Good to see that reforms have really slammed that doggone revolving door shut at the General Assembly. A few weeks ago it was former Speaker Harold Brubaker resigning mid-term and announcing plans to cash in by becoming a consultant and lobbyist. Now, this week’s it’s a powerful state Senator.

According to WRAL’s Mark Binker, Senator Richard Stevens, a Republican and one of the Senate’s most influential members, resigned from the state Senate on Friday. It’s all happened so fast that it’s not yet been noted on the General Assembly’s website.

Today he was at work at a big downtown law firm with a large portfolio of high-profile corporate lobbying clients.

Or at least it sure looked like he was already at work when he was having lunch today in a public restaurant in downtown Raleigh with his new colleague, one of the firm’s top lobbyists. Read More


This is just in from the good people at Democracy North Carolina:

Legislative Leaders Are Setting Record for Fundraising from Special Interests; Speaker’s Solicitation Called “Shakedown

Despite efforts to reduce the influence of lobbyists and special interests in political fundraising, the top leaders of the NC General Assembly are on pace to break two records, according to a review of disclosure reports by the watchdog group Democracy North Carolina:

(1) they are raising more money from special-interest political action committees (PACs) than any of their predecessors, and

(2) they are relying more heavily on PACs to reach and exceed the large fundraising totals of past legislative leaders – in the range of $1 million and beyond. Read More


There’s been a large number of breathless reports and commentaries in recent days about the story of a Kansas congressman who apparently got a little carried away during a recent congressional junket to Israel and decided to dive into the Sea of Galilee au naturel. Raleigh’s News & Observer even saw fit to run this rather absurd headline: “Ellmers went to Israel, did not skinny-dip.”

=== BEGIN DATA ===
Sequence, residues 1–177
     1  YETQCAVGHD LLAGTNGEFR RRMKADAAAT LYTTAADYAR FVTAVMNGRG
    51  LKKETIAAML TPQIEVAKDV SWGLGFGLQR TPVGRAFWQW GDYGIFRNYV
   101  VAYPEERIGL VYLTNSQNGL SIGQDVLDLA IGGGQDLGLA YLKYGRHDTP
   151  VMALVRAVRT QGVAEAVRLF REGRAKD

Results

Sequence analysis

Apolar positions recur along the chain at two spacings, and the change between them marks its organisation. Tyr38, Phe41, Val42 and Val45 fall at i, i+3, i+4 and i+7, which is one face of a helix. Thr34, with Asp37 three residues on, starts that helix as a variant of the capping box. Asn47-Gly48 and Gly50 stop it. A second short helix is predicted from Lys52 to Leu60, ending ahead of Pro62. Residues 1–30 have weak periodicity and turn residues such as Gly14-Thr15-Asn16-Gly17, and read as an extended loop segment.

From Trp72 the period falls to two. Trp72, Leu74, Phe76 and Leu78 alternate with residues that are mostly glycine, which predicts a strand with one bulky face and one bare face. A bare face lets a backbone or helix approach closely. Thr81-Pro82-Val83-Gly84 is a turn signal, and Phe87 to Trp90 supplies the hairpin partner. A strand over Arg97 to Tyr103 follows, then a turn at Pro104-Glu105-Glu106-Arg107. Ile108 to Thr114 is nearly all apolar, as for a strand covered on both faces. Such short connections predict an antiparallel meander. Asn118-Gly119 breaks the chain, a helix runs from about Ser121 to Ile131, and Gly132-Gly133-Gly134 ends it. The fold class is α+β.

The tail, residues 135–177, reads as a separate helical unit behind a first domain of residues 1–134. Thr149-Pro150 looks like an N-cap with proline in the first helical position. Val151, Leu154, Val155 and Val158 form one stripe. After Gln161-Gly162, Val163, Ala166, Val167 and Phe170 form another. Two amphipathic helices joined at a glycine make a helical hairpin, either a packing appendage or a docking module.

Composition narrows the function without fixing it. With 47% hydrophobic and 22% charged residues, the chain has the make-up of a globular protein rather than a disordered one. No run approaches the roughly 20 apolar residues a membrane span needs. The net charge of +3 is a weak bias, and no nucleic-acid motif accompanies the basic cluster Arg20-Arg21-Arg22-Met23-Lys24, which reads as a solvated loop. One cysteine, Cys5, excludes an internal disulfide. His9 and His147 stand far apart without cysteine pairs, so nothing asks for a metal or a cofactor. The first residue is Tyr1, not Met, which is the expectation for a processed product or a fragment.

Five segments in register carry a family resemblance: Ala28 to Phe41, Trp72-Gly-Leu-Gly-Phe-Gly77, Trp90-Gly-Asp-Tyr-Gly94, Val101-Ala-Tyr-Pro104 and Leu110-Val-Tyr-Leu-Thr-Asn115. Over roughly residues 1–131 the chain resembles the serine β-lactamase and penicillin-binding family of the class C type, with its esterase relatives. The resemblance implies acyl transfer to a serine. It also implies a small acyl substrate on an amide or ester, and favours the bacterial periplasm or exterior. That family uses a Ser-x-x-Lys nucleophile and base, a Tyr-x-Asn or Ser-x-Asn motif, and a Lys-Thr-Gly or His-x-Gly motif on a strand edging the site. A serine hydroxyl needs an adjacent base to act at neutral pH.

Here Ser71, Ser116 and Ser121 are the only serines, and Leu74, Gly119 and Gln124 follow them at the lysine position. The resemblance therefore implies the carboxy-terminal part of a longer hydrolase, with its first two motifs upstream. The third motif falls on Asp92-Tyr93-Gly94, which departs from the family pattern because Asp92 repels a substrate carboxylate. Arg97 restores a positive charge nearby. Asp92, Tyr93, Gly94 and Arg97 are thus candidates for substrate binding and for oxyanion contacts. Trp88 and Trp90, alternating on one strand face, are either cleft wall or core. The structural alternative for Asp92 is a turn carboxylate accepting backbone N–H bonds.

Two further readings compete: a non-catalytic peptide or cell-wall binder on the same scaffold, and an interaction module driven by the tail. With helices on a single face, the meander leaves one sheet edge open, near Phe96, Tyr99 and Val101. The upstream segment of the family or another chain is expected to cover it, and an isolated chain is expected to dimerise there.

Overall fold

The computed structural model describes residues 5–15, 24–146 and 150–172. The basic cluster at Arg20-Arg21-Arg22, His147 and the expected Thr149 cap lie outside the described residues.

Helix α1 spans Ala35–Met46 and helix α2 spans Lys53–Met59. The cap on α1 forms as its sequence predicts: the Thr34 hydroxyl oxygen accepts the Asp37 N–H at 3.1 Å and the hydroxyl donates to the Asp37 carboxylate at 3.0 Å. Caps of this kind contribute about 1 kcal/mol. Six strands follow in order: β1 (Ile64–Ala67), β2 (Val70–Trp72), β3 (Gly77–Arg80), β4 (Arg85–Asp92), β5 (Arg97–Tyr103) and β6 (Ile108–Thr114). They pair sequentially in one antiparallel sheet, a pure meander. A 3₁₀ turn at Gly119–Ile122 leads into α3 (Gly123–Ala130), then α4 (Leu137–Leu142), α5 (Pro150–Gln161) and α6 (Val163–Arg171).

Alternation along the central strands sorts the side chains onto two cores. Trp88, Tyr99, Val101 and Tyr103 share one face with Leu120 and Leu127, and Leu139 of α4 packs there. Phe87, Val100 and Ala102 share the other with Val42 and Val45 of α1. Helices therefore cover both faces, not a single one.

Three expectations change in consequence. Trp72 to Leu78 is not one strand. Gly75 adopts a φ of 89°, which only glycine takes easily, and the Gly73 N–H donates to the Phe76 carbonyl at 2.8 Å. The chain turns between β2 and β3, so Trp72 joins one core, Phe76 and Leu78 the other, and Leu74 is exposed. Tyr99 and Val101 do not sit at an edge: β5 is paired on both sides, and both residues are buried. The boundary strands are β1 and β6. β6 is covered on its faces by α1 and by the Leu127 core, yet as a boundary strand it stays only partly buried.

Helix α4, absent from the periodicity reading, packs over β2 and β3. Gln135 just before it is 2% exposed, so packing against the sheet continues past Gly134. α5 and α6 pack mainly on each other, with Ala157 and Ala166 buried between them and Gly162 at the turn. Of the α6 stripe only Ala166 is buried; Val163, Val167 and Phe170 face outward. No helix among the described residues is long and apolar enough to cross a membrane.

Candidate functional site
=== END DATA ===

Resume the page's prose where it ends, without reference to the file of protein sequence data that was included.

But, of course, as is so often the case with mainstream political reporting these days, the reports and commentaries are missing the forest for the trees.

The real scandal in this matter is not that, for the umpteenth time, a knucklehead right-wing congressman went all “Hangover” on us when he got away from the hometown, the scandal is that Read More


Lost thus far this morning in all the kind tweets and other complimentary statements about former North Carolina House Speaker Harold Brubaker in response to his announcement that he is resigning from the General Assembly after 35 years in Raleigh, is this very depressing and yet predictable part of the story. It’s the last paragraph in AP reporter Gary Robertson’s story:

“Brubaker said in a statement he would expand his business to include consulting and lobbying work, with help from his son. State law would permit Brubaker to register as a lobbyist early next year as the next two-year General Assembly session begins in January.”

In other words, at a time in which Republican lobbyists have never been more influential in Raleigh, Brubaker is cashing in while the cash is good. It won’t be long until the state’s largest corporations are beating a path to his door.

The bottom line: Brubaker may be a pleasant-enough guy, but the next time some conservative friend rails to you about career politicians and good ol’ boys, you might want to remind them of how one of the state’s longest-serving and most prominent conservative elected officials has become the latest poster child for the system they decry.    



Memo to the good people of the Occupy movement:

Hey folks — Looking for a place where the forces of corporate avarice in North Carolina spell out their agenda and identify their most loyal toadies? 

Then check out this new report.

And if you want to know who the lawmakers are who give two hoots about their actual constituents, just read the “ratings” from bottom to top.